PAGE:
William D. Stewart was elected mayor in the spring of 1865, and re-elected for the two succeeding years; he was a Democrat but the majority of the aldermen were Republican.  In September, 1865, the Genesee and Water Street Railway Company was organized with a capital of $60,000, by George F. Comstock, W. H. H. Smith (20), C. T. Longstreet, O. T. Burt, and James P. Haskin (21).  The road was built in the summer of 1866.

In the winter of 1864-5 there was an unexampled fall of snow.  When it melted in March, the resultant water, with the addition of heavy rains, caused a disastrous flood.  Many bridges over the creek were carried away; the Walton street bridge was carried down to the Central Railroad bridge and broken up, and several bridges along the creek were moved from their foundations.  The bridge at Gifford street was submerged, and a large part of the eastern and southeastern parts of the city were flooded.  On March 16 a public meeting was held to consider the feasibility of further straightening Onondaga Creek, particularly between the pump house and the lake.  A committee was appointed to lay the matter before the governor, consisting of Dr. H. D. Didama, Garret Doyle, and John Graff.  An act was passed by the legislature creating the Onondaga Creek Commission, which consisted of Carroll E. Smith, Frank Hiscock, J. W. Barker, H. D. Didama, and Charles Andrews.  Under this commission about $15,000 were expended and great improvement made; but the work was unfortunately stopped before fully completed through the action of the citizens who voted in public meeting against further contemplated expenditure.  The maps show the improvement made.  At another public meeting held October 13, a resolution was passed requesting the Council to purchase two steam fire engines, at a cost of not more than $15,000; this was done in 1867.  Another citizens' meeting was held December 4, at which steps were taken leading to the erection of the present High School building, which was first occupied in 1869; it cost, with the ground, about $100,000.  The principal public improvement of 1867 was the building of the Fayette street sewer at an expenditure of $36,999, of which the Central Railroad Company paid $15,000.

With the beginning of the fiscal year 1868, the city government passed over to the Republicans, by the election of Charles Andrews, mayor, and five of the eight aldermen were Republicans.  The new administration found little cause for congratulation in the financial condition of the city.  There was a funded debt of $153,500, and a temporary loan of $25,000 for steam fire engines and other current expenses.  Mayor Andrews showed in his inaugural address that during the preceding year $30,000 more than was authorized by the charter had been used for city expenses and the public debt; that the city was then liable for temporary loans of $25,190.76, and for $7,000 on the Fayette street sewer.  "Take this," said he, "from the $60,000 authorized to be raised, and you have $28,060 with which to pay city expenses and the public debt, which last year required $90,000."  He naturally counseled rigid economy.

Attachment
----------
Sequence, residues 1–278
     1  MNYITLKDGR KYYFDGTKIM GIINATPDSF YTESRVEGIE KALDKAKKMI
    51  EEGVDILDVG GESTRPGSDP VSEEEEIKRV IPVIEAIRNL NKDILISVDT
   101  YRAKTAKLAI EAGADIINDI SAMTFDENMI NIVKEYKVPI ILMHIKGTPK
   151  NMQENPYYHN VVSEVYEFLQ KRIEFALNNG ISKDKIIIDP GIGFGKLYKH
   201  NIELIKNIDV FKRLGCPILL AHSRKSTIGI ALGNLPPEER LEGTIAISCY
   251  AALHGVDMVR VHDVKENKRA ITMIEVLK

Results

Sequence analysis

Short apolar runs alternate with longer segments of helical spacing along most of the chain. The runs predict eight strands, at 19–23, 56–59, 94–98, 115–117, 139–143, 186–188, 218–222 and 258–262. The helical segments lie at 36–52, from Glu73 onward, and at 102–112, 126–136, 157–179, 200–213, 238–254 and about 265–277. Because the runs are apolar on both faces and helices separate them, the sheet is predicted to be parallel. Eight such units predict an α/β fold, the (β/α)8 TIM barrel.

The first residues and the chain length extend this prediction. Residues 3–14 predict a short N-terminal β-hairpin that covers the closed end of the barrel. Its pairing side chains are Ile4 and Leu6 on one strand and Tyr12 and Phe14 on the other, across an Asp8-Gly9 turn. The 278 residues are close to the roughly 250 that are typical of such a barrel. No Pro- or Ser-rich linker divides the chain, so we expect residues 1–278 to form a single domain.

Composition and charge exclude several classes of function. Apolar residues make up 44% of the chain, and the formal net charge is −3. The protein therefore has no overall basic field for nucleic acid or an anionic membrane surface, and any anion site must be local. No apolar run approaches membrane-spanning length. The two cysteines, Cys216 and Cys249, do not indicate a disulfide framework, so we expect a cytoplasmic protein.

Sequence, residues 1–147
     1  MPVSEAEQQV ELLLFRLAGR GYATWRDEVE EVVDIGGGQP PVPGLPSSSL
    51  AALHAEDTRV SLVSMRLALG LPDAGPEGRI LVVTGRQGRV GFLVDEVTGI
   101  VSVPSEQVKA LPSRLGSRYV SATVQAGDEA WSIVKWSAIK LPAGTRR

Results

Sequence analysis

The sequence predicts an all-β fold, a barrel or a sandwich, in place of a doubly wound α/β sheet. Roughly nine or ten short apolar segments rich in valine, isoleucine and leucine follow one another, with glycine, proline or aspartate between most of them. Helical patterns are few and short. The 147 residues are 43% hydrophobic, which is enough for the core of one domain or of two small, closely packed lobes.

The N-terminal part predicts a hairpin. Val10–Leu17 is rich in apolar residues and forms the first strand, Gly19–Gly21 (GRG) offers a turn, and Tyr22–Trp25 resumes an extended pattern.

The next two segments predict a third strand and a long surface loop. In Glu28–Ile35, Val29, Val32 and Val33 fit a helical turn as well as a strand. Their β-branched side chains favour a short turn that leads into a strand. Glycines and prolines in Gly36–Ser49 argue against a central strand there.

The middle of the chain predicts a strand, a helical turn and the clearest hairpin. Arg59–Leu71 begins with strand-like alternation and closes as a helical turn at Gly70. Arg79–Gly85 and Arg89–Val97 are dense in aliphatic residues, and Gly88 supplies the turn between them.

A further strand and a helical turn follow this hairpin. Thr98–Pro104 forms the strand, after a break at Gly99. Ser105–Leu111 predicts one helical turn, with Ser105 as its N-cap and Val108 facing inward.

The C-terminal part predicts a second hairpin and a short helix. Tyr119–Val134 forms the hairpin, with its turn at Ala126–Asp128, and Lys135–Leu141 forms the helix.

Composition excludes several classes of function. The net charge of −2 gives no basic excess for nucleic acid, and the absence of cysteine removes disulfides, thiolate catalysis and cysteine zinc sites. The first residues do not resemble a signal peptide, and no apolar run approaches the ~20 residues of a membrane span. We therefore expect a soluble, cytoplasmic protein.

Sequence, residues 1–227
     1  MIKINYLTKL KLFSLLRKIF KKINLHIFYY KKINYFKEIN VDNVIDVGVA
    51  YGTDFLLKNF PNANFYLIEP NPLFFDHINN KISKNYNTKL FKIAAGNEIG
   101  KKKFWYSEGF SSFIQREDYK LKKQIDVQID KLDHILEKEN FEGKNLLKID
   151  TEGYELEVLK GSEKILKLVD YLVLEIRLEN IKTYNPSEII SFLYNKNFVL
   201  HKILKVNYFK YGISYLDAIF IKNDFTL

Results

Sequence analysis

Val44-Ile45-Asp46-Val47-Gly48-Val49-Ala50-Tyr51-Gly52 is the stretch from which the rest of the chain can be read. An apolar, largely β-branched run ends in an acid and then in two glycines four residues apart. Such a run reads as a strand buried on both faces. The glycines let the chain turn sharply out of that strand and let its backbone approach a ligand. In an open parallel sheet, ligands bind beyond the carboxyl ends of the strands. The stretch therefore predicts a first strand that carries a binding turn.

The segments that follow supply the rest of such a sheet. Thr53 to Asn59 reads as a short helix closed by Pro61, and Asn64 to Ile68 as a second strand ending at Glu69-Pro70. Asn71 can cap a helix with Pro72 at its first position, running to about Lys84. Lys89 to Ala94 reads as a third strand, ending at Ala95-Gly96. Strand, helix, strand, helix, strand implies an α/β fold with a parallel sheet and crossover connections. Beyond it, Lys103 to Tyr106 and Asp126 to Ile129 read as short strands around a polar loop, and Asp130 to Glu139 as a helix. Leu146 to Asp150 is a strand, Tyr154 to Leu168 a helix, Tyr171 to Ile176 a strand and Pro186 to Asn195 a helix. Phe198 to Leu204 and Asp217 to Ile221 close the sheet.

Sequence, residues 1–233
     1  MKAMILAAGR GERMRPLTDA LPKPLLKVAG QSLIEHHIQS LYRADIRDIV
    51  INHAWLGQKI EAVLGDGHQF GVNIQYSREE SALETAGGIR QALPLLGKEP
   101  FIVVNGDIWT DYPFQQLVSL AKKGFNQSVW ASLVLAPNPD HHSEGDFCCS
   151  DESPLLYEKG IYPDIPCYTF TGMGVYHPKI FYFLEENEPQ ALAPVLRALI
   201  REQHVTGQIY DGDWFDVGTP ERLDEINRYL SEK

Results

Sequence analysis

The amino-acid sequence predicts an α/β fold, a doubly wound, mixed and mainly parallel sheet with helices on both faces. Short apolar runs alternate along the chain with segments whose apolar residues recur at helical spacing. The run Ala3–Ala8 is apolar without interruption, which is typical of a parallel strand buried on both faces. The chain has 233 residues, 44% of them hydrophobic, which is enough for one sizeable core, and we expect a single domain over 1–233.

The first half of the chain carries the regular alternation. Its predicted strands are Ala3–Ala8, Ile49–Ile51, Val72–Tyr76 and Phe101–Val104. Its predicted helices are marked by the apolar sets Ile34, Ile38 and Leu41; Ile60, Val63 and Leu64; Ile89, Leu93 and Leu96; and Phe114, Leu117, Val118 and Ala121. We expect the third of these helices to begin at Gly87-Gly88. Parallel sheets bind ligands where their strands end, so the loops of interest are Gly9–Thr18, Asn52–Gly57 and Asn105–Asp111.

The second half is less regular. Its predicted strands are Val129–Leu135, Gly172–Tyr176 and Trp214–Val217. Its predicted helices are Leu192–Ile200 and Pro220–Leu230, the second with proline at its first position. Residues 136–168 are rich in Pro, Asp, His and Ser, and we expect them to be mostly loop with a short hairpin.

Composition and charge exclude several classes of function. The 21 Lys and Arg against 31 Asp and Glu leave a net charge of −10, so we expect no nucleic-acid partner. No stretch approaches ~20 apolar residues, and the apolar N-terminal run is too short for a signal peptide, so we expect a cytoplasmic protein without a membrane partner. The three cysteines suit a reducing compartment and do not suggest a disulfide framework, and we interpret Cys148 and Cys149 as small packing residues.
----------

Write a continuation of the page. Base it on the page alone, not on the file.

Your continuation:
In February (1868) the mayor appointed B. L. Higgins, R. W. Jones, and Nicholas Grumbach a committee to request the Central Railroad Company to remove the old depot from what is now Vanderbilt Square.  The company gave the request favorable consideration, and on Sunday, February 28, 1869, the old structure built in 1828-29, was pulled down by the aid of a locomotive and cable, and before Monday morning every vestige of the historic "car house" had disappeared.  During 1868 and 1869, many prominent buildings were erected, among them the Vanderbilt House, opened March 16, 1868; the Agan block, corner of Washington and Market streets; the Barton block, finished in November, 1868; the Larned Building; the Onondaga Savings Bank building, finished in May, 1869, and others.
 

FOOTNOTES


1.  Dr. William Kirkpatrick was a native of Huntingdon county, N. J., and was born November 7, 1769.  He graduated from Princeton College, studied medicine in Philadelphia and began practice in Whitestown in 1795, where he remained ten years.  His profession was distasteful to him and he finally abandoned it for other occupations.  In 1805 he was appointed superintendent of the Salt Springs and settled at Salina; he held this office twenty-two years.  In politics he was from the first a "Republican," or Democrat, as they were afterwards termed.  While in Oneida county he was elected to Congress (1808-9).  In this county he favored the canal project and was instrumental in advancing the "canal ticket."  In January, 1809, in company with Judge Forman, he called on President Jefferson, in Washington, to secure his aid for the Erie Canal, which, as is well known, was refused.  Dr. Kirkpatrick possessed decided literary tastes, and after his settlement in Salina found opportunity to gratify them by extensive reading and study.  He was a man of unblemished character, excellent native qualities and lofty mind.  He died of cholera September 2, 1832, leaving sons, William and Donald; the latter died after a useful life, September 19, 1889, and William is a prominent citizen of Syracuse.